I personally really enjoy (if “enjoy” can be considered the right word) the exploration of tough social justice issues through the lens of fantasy or science-fiction – often through the vehicle of anti-magic prejudice. I feel the fantasy context allows the reader to take a step back from the real world, while allowing the reader to think critically about equality and justice in a less personally challenging way.
When we provide library patrons with books that tell a fuller story about Asian American experience, we can help eliminate the conditions in which ignorance and fear flourish.
Literature can provide youth and their teachers with meaningful tools for coping, discussing, and understanding. Library professionals have a duty to protect that access.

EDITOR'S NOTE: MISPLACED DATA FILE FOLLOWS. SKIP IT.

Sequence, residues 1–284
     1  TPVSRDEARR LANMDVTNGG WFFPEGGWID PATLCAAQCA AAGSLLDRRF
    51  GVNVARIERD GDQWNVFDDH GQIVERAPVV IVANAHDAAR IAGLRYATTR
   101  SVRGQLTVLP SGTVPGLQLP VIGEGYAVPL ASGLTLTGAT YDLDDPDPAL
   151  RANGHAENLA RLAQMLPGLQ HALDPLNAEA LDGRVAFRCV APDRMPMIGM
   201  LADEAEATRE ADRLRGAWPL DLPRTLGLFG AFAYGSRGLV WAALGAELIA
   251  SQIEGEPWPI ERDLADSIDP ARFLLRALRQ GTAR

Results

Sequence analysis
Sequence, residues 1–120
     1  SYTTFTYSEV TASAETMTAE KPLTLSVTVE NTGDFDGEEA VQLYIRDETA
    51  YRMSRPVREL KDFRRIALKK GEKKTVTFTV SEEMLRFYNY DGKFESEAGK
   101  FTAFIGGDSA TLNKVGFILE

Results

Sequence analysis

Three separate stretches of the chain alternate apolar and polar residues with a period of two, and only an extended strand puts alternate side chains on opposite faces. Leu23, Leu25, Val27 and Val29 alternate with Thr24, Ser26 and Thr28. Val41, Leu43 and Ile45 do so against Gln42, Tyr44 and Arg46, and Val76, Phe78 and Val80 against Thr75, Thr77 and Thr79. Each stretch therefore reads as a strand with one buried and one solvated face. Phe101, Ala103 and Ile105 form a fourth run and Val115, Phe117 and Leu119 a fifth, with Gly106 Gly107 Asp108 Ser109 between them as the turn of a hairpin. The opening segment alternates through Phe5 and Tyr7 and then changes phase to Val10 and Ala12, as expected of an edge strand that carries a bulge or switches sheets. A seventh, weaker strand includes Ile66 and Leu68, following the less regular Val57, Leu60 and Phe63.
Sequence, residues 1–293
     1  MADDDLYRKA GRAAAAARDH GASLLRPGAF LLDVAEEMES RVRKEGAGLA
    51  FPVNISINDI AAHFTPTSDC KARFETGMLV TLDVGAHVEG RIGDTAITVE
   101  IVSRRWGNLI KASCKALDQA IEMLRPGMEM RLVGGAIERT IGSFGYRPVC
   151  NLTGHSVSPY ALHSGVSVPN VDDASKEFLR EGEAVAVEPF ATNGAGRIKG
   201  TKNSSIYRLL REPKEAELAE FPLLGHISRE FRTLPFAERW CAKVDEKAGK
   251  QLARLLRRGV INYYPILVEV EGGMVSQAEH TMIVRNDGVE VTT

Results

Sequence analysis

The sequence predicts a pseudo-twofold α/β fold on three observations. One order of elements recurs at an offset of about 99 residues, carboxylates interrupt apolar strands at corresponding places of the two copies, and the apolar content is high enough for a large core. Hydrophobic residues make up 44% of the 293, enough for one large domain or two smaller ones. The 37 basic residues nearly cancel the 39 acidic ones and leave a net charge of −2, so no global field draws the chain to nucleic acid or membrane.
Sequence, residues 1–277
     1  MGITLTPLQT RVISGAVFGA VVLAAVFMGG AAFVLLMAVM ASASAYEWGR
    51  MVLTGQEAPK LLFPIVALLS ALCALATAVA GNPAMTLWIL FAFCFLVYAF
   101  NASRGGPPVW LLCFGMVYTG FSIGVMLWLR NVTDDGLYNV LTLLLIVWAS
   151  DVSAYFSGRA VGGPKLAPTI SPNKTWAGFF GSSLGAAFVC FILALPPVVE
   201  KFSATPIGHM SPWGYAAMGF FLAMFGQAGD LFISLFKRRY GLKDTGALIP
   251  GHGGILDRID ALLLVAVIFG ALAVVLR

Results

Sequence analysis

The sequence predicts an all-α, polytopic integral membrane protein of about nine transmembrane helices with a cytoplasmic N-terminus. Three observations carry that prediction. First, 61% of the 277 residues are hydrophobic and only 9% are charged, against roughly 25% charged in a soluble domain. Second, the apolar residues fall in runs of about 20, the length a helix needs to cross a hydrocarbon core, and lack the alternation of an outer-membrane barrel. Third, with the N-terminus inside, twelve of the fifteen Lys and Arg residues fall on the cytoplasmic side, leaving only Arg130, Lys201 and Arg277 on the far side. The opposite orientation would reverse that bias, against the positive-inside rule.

Dr. Angelou’s words urge us all to push past our fears, our anger, our hate. To find freedom in the good, the kind, the welcoming. To embrace our neighbor, both human and the world. To rise and feel the pulse of a new day.
Katie Chamberlain Kritikos: The impetus for this talkback was the controversy surrounding the publication in January of this year of a children’s book called A Birthday Cake for George Washington. Because critics instantly condemned the book for its depiction of smiling slaves, publisher Scholastic Press withdrew the book and halted its distribution.
This withdrawal encapsulates the shifting social context of intellectual freedom in the United States. Traditionally, free speech advocates decry any attempt to suppress expression. A growing emphasis on social justice creates tension between the foundation and the future of intellectual freedom. This post considers the recent controversies over children’s books, trigger warnings, and free speech online to explore this crossroads of information policy.